For many people, and understandably so, the second that vacation begins, the care to construct a styley look ends. And truly, I will never fault anyone for taking off the work clothes and slipping on the t-shirt, shorts and flips-flops.
On the other hand, as long as you gotta wear something (assuming you’re vacationing with family in, say, San Diego, and not at “Sea Mountain Nude Hotsprings”) why not wear something well put together?
The trick is this: if you know that you won’t have the headspace to pick out a bunch of vacation outfits as you rush to cram your suitcases, pick them out in advance. Way in advance. In other words, identify a couple of pairs of pants, a few shirts, a pair of shoes, and yes, a classy layer-piece: a sweater or an unconstrcuted blazer or both.
Then, when your plane takes off in three hours and you still haven’t filled your suitcase, you need not panic: you know what you’re packing.
As Gabi and I approach our first week as (and with) future-family, I’m struck by two competing forces at work. First, there is, well, the familiar. Gabi’s family is very tightly knit and meals with them are full of laughter, good-natured ribbing, and decades’ worth of stories. They seem to appreciate and understand my humor, although folks are divided on whether my puns are brilliant or groan-worthy.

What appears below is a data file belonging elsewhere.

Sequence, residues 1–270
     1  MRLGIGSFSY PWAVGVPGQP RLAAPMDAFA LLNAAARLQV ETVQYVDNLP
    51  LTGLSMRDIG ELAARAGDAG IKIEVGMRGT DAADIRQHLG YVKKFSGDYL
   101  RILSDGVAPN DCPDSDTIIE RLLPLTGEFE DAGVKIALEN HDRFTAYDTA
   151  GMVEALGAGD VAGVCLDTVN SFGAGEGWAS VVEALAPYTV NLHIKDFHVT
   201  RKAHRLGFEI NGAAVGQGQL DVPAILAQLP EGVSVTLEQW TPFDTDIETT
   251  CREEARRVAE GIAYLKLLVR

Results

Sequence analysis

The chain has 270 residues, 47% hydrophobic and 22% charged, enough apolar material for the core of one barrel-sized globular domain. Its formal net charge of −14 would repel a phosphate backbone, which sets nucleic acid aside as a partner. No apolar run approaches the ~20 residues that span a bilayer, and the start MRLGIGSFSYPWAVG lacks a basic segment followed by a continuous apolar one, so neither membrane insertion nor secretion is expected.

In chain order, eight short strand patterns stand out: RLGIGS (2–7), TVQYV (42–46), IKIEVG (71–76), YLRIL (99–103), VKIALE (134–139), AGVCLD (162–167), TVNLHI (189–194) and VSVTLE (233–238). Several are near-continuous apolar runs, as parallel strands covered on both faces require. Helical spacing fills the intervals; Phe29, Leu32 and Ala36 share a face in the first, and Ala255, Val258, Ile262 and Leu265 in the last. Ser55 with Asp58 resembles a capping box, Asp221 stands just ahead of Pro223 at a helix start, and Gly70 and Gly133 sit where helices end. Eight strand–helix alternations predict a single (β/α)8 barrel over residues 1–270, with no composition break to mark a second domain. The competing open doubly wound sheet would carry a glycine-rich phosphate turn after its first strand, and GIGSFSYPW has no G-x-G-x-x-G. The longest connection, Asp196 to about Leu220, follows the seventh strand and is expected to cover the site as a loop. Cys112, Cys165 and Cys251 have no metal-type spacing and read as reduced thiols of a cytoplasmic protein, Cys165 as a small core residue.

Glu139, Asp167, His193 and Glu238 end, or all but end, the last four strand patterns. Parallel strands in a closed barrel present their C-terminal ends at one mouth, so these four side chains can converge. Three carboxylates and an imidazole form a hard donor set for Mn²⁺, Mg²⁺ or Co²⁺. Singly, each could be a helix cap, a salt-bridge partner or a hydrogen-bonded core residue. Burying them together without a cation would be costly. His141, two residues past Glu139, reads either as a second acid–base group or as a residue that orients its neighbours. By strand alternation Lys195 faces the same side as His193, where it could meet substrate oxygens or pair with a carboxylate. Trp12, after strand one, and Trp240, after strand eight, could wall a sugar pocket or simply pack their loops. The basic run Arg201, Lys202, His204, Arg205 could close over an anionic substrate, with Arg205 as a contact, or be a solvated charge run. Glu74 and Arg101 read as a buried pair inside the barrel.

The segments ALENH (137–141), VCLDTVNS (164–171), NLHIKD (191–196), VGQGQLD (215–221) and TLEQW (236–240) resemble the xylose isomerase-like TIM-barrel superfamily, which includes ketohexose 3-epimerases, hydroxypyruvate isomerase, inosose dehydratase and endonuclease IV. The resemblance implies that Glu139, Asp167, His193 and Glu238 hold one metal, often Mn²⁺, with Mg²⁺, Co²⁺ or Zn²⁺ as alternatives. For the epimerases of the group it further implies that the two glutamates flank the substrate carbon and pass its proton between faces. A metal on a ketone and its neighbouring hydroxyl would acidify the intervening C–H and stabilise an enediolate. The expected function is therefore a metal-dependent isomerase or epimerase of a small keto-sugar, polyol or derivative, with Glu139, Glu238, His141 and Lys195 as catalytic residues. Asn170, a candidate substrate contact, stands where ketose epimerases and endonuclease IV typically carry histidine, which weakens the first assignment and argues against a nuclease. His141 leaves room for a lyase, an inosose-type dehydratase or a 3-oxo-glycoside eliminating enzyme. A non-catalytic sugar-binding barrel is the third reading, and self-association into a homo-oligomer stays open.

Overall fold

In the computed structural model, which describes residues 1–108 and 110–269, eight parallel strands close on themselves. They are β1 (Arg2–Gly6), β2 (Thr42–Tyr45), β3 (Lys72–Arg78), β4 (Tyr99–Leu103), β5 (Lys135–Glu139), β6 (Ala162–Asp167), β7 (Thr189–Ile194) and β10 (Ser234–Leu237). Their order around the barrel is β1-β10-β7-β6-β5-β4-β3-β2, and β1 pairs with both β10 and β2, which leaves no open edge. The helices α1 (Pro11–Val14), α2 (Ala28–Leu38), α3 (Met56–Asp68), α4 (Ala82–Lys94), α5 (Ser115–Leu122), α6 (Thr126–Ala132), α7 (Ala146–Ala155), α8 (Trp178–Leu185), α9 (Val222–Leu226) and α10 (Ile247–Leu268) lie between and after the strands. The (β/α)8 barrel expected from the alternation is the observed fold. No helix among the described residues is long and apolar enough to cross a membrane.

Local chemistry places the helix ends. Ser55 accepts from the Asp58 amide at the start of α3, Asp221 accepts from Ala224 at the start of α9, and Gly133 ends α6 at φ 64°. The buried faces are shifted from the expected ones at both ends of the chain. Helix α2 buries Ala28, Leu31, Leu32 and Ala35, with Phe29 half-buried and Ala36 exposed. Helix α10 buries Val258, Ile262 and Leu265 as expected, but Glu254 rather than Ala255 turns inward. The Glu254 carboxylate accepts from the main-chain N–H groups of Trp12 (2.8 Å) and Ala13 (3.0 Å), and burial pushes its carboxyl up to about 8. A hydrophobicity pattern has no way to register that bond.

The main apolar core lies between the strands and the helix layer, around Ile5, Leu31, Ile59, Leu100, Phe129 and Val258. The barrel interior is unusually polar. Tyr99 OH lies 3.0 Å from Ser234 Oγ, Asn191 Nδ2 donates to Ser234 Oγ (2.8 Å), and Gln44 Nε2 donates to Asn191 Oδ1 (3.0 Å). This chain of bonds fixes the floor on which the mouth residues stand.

On the other hand, there is the unfamiliar. Deeply unfamiliar. People who are dear to me, and have been for years, take on roles of new significance. Future father-in-law. Future mother-in-law. Future brother-in-law. I have never really known these roles in my life, and I’m acutely aware of this, the way a new article of clothing feels very there.
It seems appropriate, in these circumstances, to wear something fitting this odd and beautiful confluence of well-known and never known. Here, on this San Diego beach, what could do that better than comfy sneakers, a soft sweater, my old hat – and a red flower in my lapel?
Reblogged this on theyuccie.